(Photo: Samuel Goldwyn Films)
"October Baby," a pro-life, coming of a coming-of-age drama, is standing strong in its second week with surprisingly good box office results despite being launched the same weekend as Hollywood blockbuster "The Hunger Games," the film's producers told The Christian Post.
Although the film's directors, siblings Andy and Jon Erwin, did not aim at sparking a controversy but simply followed their Christian faith-inspired sense of aesthetics, many declared the film "controversial," which only helped it gain popularity with a mainstream audience, Andy Erwin told CP Thursday.
"October Baby," starring John Schneider ("Smallville," "Dukes of Hazzard"), Jasmine Guy ("A Different World"), and big screen debutantes Rachel Hendrix and Jason Burkey, tells the story of 19-year-old Hannah, who discovers she has been adopted and is a survivor of an attempted abortion. With friends from college, she embarks on a journey to find her birth mother.
"I don't think the film is controversial, I think the topic is," Andy told CP. "I think that it [the film] is, hopefully, a very honest look through the eyes of this girl. And a tough issue to look at. But it wasn't our intent to polarize the audience. Our intent was to get people to discuss the issue of abortion."
"October Baby" actually tells a story of forgiveness and healing, the director said. And it was important for the brothers to make a picture that viewers could enjoy, regardless of which side of the debate they are on, and to discuss it afterwards.
"Our desire was not to make a movie preaching to the choir. Our desire was to make a film that could engage multiple audiences across the board," Andy Erwin said, adding that the filmmakers were as surprised as anyone else by the "October Baby's" box office success, as well as by the controversy it stirred.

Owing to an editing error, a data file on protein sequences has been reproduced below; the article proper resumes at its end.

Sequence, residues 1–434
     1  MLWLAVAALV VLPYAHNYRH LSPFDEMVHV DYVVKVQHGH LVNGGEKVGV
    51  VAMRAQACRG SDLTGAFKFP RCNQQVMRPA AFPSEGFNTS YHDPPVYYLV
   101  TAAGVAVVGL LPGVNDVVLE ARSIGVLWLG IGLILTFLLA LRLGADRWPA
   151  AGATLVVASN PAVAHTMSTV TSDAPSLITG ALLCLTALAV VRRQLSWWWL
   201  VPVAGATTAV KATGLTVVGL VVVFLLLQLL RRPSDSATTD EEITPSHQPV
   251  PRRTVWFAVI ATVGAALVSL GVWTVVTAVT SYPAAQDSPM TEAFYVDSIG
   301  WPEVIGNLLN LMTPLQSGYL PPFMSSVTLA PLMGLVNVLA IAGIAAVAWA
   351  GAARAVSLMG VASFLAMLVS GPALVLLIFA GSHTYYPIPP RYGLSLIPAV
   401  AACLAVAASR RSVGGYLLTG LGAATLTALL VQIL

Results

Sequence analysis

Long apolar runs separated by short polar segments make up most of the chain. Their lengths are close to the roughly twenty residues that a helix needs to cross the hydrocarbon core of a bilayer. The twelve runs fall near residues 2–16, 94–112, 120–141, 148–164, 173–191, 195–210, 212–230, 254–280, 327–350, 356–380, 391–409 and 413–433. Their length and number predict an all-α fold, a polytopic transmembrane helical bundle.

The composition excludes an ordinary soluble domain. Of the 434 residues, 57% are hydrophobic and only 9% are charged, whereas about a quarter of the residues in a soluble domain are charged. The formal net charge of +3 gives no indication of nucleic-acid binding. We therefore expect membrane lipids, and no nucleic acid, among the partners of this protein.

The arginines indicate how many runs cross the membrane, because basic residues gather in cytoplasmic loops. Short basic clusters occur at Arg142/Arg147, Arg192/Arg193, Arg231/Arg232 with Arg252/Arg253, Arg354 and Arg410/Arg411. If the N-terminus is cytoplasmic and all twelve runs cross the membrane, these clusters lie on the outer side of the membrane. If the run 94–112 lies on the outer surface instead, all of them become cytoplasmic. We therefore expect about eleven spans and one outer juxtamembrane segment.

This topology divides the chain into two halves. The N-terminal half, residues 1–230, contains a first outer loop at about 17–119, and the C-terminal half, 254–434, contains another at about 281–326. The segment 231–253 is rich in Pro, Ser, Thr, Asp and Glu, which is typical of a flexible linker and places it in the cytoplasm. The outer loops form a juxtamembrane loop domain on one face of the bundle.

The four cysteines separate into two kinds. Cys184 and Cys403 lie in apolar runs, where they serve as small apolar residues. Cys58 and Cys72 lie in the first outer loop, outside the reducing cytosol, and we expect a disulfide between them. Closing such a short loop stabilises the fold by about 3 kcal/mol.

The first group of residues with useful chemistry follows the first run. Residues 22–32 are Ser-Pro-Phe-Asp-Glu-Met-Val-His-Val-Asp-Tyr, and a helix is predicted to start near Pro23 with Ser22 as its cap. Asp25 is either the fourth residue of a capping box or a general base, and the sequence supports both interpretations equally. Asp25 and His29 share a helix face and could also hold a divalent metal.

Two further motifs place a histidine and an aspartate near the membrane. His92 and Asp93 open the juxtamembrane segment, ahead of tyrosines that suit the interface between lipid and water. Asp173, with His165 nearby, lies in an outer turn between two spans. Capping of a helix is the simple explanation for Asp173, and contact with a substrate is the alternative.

"October Baby" had a strong opening the same week that "The Hunger Games" debuted, and the independent movie managed to claim eighth place at the box office -- grossing $1.7 million that first weekend -- while having used the equivalent of a fraction of the Hollywood production's budget.
Did the controversy surrounding the topic of abortion help? Of course it did, and that is a good thing, said Andy.
"It [the movie] really stirred the issue a little bit. People were talking, so if people were talking I think that's a positive thing," he told CP. "The controversy and everybody talking about it really raises the awareness among general public. I think that's what brought a lot of people to the awareness that 'October Baby' was there."
"The controversy, that definitely helped," but what keeps people coming to the theater and staying there "is the entertainment value," he added. "I think that people are really falling in love with the story."
"I think people who saw it in theaters were honestly surprised; that it's not what they expected at all," Andy Erwin told CP, emphasizing that the film in itself is not controversial in any way, even if it is very clearly pro-life. "We're just trying to tell an honest story that I personally would find very entertaining. It's the kind of movie that I would love to see," he said.
In fact, the filmmakers were at first considering to make the movie, which is based on a true story, a documentary, but they decided that would make it too strong and too politically charged. A feature film was conveying their message in an artistically digestible way, they decided.
The film-making siblings come from a Christian household and believe in the Gospel, but they know better than to enforce their values on others in an aggressive way, Andy explained. Although faith has an influence on their work, "our first obligation to the audience is to tell a good story; the fun stories that will really entertain. That are worth people going to the movie theater," he told CP. "But in the process, the stories that we are attracted to, definitely have our values in them; they're rooted in them, and usually have a deep message of redemption."
"October Baby" is definitely a good example, he added. The brothers see the box office results and good feedback on the film's Facebook page as proof that a large part of the audience sees the issue of abortion the same way they do, Andy explained.
The brothers do not require their actors to share their beliefs, the filmmaker added. "It's really OK for people to disagree with me. To have a different opinion. Most of all, with my actors, politics never comes up."
"As Christians, 'October Baby' reflects our values," Jon Erwin added in a statement emailed to CP. "But it isn't a political statement; it's a life-affirming statement. It's starting conversations all over the map about the subject, and we're glad for that."
In support of its life-affirming theme, "October Baby" producers are donating 10 percent of the film's profits to the Every Life Is Beautiful Fund, they said in a statement. The money will be distributed to organizations helping women face "crisis pregnancies" and to adoption agencies and orphanages.